ExxonMobil sees upstream growth flat in 2014 at 4 million b/d of oil equivalent, then growing 2-3% between 2015 and 2017, according to slides presented Wednesday at the company's annual analyst meeting from the New York Stock Exchange.
The company's liquids production will be up 2% in 2014, while natural gas production will fall 2%, the company said.
The addition of more liquids and liquids-linked natural gas volumes, which will account for 69% of the company's total production by 2017, will "improve our profitability mix," CEO Rex Tillerson said in a statement.
Liquids production is expected to rise 4% between 2015 and 2017, while natural gas production will gain 1% during the period.
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ExxonMobil said it expects total production to rise from 4 million boe/d in 2013 and 2014 to 4.3 million boe/d in 2017.
During 2014, the company plans to add 300,000 boe/d of net production from 10 major projects.
"These projects exemplify our focus on maintaining a diversified portfolio and highlight our ability to grow profitable volumes," Tillerson said.
In total, the company said it has more than 120 "high-quality" projects to develop about 24 billion boe of oil and natural gas.
A Papua New Guinea LNG project and the largest offshore oil and gas platform in Russia are listed as "significant" projects scheduled for startup this year. Others include a heavy oil expansion in Canada and US Gulf deepwater projects, the statement said.
Tillerson said while the company estimates production growth, it is not bound by those numbers going forward if conditions change, making ongoing production decisions based on economics rather than projects.
Exxon's sheer size and scope is both its strength and vulnerability, giving it a strong balance sheet but limiting growth.
"It is very hard for a company of this size to grow," Oppenheimer analyst Fadel Gheit said. ExxonMobil said it replaced 103% of its proved reserves in 2013.
Gheit said the goal of ExxonMobil, the world's largest publicly traded oil company, is to mitigate risk.
"They have more than one business, more than one country and more than one product. They don't have all their eggs in one basket," he said.
In North America, the company expects 50% near-term growth in liquids, with growth mostly stemming from unconventional plays. The company said it is focusing on more profitable liquids plays rather than natural gas, but said it could quickly ramp up gas production if demand warranted.
ExxonMobil also has significant holdings in the Midcontinent's Woodford Ardmore/Marietta shale play as well as North Dakota's Bakken. It also has a stake in the Permian Basin, where it holds a 1.5 million-acre leasehold and expects production to reach 90,000 boe/d by 2017.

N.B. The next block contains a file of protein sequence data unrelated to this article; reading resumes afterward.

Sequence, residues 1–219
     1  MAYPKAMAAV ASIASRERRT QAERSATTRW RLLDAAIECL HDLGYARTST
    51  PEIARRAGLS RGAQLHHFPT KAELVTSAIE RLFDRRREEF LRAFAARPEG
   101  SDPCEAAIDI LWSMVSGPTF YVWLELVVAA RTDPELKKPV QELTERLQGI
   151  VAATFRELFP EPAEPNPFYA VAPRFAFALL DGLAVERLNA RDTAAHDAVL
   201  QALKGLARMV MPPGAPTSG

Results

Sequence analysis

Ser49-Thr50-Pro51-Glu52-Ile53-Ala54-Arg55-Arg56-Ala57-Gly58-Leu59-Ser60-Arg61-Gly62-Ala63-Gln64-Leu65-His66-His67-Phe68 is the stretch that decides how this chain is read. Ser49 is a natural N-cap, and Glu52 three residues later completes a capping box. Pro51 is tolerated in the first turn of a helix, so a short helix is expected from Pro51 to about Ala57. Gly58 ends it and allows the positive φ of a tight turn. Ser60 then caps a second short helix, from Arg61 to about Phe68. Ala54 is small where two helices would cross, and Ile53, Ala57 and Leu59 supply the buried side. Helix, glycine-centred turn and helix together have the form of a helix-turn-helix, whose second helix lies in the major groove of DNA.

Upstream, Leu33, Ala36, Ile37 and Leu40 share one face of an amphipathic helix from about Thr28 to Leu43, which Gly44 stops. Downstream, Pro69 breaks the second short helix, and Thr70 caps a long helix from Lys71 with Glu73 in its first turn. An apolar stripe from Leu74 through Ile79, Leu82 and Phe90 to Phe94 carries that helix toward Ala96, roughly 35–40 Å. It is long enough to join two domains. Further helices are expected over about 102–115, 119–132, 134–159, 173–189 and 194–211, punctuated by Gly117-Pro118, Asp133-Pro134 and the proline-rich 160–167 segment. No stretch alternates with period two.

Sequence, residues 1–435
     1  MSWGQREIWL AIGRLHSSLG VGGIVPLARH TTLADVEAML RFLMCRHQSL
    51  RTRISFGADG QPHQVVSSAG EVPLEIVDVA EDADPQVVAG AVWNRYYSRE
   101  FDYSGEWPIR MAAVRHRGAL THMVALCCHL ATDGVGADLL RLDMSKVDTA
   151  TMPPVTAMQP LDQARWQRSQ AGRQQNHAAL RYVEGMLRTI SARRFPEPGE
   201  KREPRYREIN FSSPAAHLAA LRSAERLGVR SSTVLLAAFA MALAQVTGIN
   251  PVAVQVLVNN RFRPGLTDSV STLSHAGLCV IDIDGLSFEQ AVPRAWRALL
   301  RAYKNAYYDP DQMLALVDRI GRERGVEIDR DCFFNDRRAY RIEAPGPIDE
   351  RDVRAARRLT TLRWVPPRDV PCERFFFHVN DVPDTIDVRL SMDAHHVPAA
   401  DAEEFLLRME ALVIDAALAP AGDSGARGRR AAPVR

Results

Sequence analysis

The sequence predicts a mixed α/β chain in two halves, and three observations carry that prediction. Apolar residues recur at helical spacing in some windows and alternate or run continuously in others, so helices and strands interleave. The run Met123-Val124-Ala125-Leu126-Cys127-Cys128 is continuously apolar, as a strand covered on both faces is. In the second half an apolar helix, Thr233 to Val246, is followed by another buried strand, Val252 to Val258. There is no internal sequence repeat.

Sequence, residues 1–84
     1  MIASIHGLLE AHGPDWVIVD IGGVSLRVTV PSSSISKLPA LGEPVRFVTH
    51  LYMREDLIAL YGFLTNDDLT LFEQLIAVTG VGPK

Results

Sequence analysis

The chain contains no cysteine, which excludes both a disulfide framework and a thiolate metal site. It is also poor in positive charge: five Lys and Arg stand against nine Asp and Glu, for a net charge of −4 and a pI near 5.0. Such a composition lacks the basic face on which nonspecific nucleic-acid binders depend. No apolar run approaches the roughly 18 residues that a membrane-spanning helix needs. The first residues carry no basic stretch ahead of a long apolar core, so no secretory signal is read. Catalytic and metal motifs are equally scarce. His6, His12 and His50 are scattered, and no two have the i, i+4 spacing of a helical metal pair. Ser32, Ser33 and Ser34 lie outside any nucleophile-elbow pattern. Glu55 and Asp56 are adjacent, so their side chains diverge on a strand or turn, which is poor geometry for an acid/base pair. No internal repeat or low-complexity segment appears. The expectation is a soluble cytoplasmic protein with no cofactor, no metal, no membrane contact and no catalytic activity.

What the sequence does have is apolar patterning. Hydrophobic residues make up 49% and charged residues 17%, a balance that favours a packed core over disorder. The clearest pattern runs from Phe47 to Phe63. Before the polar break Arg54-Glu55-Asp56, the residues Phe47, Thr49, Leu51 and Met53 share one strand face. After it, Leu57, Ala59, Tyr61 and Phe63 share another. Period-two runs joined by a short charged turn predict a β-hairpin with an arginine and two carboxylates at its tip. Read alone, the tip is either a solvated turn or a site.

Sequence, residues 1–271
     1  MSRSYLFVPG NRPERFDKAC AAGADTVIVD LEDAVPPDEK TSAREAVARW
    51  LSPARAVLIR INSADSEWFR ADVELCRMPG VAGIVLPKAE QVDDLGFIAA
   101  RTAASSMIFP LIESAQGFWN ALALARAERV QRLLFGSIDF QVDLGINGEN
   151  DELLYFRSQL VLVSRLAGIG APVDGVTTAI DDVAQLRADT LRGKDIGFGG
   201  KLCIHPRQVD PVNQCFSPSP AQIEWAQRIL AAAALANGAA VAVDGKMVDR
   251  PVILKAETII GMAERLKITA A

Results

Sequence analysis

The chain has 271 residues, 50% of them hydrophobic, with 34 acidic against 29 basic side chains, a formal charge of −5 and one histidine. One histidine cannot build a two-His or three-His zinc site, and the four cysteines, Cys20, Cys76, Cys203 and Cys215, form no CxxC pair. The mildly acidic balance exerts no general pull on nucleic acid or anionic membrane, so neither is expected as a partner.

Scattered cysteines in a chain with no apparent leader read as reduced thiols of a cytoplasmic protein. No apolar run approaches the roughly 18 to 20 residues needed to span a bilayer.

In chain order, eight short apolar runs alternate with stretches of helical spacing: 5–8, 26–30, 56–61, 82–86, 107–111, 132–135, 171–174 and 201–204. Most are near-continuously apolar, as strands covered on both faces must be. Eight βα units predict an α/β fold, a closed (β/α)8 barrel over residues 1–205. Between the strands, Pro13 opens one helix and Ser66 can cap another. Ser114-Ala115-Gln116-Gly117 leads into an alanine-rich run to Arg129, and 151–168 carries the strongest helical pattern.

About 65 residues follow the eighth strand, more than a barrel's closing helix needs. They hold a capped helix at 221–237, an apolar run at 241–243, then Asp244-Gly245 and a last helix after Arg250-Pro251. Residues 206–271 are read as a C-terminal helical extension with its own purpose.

In the Bakken, production is expected increase to more than 900,000 boe/d by 2017, showing 81% year-on-year growth due to strategic acquisitions and optimized drilling "in sweet spots" and closer well spacing, Senior Vice President Mark Albers said.
Exxon's 29% stake in the Canadian Kearl oil sands project expansion is 75% complete and "on budget and on schedule," with startup expected in fourth-quarter 2015, Albers said.
The initial 110,000 b/d of oil sands production was delayed, coming online in 2013 due to project delays. The project is expected to reach peak production of 345,000 b/d in 2020.
The company has already upgraded its 238,000 b/d Joliet, Illinois, refinery to run the heavy Canadian crude from Kearl. It is planning a 235,000 b/d rail terminal in Edmonton, Alberta, with Kinder Morgan Canada which is "more than sufficient" to supply its own refining system with 100,000 b/d as well as deliver crude to other third-party "high-margin locations," said Mike Dolan, vice president in charge downstream.
Overseas, ExxonMobil has a "fairly active" exploration program in Russia, said Tillerson, who said ongoing tensions between Russia and Ukraine have had no impact on the company's operations there.
"I don't see any new challenges," Tillerson said, adding government actions were beyond their control.
Capital spending will decline from 2013 levels of $42.5 billion, which was a peak spending year, to $39.8 billion in 2014. Going forward, the company expects spending to average less than $37 billion between 2015 and 2017.
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